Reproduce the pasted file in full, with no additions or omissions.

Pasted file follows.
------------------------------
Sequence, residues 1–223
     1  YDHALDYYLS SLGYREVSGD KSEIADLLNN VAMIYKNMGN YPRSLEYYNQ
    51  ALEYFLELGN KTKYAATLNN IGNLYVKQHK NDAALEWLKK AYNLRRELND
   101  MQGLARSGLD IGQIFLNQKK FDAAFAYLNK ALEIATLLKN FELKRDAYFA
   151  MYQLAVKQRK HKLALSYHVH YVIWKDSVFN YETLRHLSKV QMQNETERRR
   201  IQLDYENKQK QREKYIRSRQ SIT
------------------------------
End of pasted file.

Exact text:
Sequence, residues 1–223
     1  YDHALDYYLS SLGYREVSGD KSEIADLLNN VAMIYKNMGN YPRSLEYYNQ
    51  ALEYFLELGN KTKYAATLNN IGNLYVKQHK NDAALEWLKK AYNLRRELND
   101  MQGLARSGLD IGQIFLNQKK FDAAFAYLNK ALEIATLLKN FELKRDAYFA
   151  MYQLAVKQRK HKLALSYHVH YVIWKDSVFN YETLRHLSKV QMQNETERRR
   201  IQLDYENKQK QREKYIRSRQ SIT